The most surprising treasure on Skull Island is the film’s pacing. In fact, the entire first act of the film is nigh on flawless. All the wider cast are introduced from one rolling scene to the next, covering all required exposition without stopping or staling, right up to the act ending Kong confrontation complete with Jackson reading the story of Icarus through a lightning storm like its Ezekiel 25:17. It carries a constant and feeling of momentum with the story kept simple enough to just kick back and enjoy the ride. This effect does waver significantly in the middle act when the film wanders off from its base premise of survival and escaping the island but thankfully, the boots start marching back in time again for the finish. The script could do with some fine tuning though. Some lines and exchanges fall rather flat, most notably harming the chemistry between Hiddleston and Larson. Thankfully, John C. Reilly (Wreck-It Ralph) to make his every line, good or bad, rather hysterical as the grizzled island survivor Hank. However, the overall cast is also far too bloated. Some characters merely feel like needless tag-alongs, especially Jing Tian’s biologist with almost non-existent plot significance and minimal dialogue. She may even have mic dropped on being 2017's biggest Chinese market appeal drop in character.
Skull Island has as an interesting preference for shorter action sequences rather than longer drawn out affairs. While the key sequence of each act has a bit more duration most encounters are kept brief rather than being dwelled upon. Not only does that help preserve the aforementioned momentum but it allows for better showcasing of the many weird and wonderful Island creatures other than the big hairy guy (no not John C. Reily). Some are absolutely fantastic with the bamboo forest daddy long legs being a personal favourite. There’s also plenty of great creativity to the monster fighting sequences. One clever setup sees a creature swallowing a camera stuck on a repeating flash before disappearing mists with bursts of light teasing its whereabouts every few seconds. Director Jordan Vogt-Roberts (The Kings of Summer) is crucially aware that it’s not merely having monsters on screen that constitutes entertainment it’s how well you use them. Right down to the big Kong Vs Marvel level disposable bad monster showdown, there’s some awesome manipulations of environments for weapons with emphasis on Kong’s primate intelligence being his key strength.... even a few noticeable visual nods to Pacific Rim as Kong faces his own Kaiju.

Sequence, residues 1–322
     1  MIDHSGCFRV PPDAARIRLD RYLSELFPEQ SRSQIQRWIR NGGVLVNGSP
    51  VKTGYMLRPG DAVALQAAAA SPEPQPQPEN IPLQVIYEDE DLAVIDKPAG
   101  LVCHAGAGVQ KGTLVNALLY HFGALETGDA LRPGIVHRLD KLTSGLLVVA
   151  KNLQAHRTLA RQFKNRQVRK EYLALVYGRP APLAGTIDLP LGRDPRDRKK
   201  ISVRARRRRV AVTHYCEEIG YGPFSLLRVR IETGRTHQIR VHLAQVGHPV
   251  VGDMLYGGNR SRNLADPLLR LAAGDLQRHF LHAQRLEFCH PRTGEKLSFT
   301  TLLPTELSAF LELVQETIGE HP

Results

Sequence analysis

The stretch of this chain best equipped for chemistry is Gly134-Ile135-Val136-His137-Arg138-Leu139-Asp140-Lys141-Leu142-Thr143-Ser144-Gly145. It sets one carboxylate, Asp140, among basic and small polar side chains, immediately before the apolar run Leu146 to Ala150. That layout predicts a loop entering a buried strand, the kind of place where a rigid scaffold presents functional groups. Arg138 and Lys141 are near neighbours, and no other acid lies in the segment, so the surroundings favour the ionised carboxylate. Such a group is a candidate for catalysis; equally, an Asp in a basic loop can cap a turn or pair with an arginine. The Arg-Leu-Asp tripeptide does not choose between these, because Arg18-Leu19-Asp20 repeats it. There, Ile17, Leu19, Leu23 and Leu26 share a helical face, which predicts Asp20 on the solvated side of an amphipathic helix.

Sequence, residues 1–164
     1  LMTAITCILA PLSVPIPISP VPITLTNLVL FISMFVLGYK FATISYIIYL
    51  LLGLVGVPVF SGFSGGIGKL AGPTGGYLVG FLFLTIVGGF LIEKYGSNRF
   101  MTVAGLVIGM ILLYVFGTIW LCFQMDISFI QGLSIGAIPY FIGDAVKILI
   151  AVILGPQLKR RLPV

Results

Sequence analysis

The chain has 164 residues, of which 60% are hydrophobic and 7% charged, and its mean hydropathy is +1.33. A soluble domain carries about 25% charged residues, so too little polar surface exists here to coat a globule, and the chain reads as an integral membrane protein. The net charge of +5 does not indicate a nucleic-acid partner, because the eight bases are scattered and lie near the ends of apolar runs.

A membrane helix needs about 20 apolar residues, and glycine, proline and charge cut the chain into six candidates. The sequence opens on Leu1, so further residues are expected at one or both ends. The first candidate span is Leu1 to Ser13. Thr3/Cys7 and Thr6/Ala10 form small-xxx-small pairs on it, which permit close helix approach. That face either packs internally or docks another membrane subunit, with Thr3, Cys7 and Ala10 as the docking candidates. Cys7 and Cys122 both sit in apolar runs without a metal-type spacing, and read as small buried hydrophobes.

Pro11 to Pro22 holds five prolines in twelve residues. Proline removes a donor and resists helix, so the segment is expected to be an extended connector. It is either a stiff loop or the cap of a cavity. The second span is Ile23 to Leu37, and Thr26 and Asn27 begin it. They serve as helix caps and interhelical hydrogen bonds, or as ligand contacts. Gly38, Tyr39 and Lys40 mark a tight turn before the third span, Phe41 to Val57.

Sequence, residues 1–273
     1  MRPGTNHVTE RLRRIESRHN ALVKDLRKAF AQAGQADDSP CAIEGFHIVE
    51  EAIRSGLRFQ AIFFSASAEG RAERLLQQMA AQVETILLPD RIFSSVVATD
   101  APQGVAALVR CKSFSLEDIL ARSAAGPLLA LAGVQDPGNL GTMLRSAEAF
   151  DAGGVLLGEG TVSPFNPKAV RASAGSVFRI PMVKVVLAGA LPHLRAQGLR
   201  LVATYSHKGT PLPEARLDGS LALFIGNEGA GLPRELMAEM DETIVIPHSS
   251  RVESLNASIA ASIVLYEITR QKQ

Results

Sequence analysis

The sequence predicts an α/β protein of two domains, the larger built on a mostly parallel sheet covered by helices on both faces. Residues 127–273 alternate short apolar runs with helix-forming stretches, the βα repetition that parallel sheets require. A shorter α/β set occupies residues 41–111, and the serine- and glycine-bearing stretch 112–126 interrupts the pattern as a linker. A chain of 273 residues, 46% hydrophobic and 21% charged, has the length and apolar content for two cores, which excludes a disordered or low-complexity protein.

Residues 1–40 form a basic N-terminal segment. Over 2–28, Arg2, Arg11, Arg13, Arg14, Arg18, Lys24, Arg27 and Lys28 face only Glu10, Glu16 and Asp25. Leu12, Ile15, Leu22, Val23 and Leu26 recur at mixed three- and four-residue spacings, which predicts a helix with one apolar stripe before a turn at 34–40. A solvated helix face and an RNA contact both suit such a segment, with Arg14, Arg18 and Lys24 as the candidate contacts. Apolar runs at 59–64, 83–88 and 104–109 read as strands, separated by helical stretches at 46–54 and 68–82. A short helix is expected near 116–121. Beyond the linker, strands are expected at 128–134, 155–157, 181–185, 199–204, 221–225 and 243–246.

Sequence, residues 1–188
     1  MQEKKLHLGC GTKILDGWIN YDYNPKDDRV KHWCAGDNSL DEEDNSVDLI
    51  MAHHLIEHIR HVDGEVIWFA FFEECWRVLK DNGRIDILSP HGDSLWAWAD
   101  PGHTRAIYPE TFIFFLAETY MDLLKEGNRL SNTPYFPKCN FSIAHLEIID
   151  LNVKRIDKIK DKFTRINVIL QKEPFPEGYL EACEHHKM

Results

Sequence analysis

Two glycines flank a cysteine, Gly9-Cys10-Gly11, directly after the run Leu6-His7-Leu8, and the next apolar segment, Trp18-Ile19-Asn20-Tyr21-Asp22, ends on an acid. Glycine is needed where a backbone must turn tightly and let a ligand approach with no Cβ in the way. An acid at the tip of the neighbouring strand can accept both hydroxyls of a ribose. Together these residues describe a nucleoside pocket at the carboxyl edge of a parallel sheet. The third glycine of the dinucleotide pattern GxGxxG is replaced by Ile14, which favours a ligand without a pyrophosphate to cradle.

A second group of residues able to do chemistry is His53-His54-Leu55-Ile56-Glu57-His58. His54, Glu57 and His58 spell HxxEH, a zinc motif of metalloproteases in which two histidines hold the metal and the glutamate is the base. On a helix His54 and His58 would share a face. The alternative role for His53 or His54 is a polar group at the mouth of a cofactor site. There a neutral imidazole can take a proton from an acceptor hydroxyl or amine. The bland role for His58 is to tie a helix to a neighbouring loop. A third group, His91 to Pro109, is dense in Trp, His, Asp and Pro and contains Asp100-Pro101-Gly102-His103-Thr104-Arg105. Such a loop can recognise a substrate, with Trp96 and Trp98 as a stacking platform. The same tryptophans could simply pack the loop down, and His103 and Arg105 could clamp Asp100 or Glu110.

Then, there are the visuals that are worth several location scouts and digital artists beating their chests and roaring with triumph. The island and everyone on it looks stunning both by day and night. All creature inhabitants are superbly rendered. Kong’s stiff and rigid stance may feel like a different stage in evolution to the Peter Jackson and Andy Serkis take of 2005 but it really befits the idea of him being a towering God like presence while also being a respectful nod to the classic wire frame incarnation. The use of swooping aerial camerawork brings an epic feel to the location shooting (filmed in Australia, Hawaii and even North Vietnam). The camera work frequently plays well with fixed or flipped perspectives such as looking down gun barrels or a through an attacking monster’s eyes.
It all combines to make this highly enjoyable blockbuster viewing. Skull Island is not in the least trying to be thought-provoking or carry current social/political relevance. It just wants you to have a good time, which is exactly why you will. The post-credits sting merely acknowledges what Legendary Pictures have already confirmed for their shared “MonsterVerse” with 2019s Godzilla sequel being next entry. Kong: Skull Island embodies the ideal tone and direction this hatching franchise should take to be a monster success.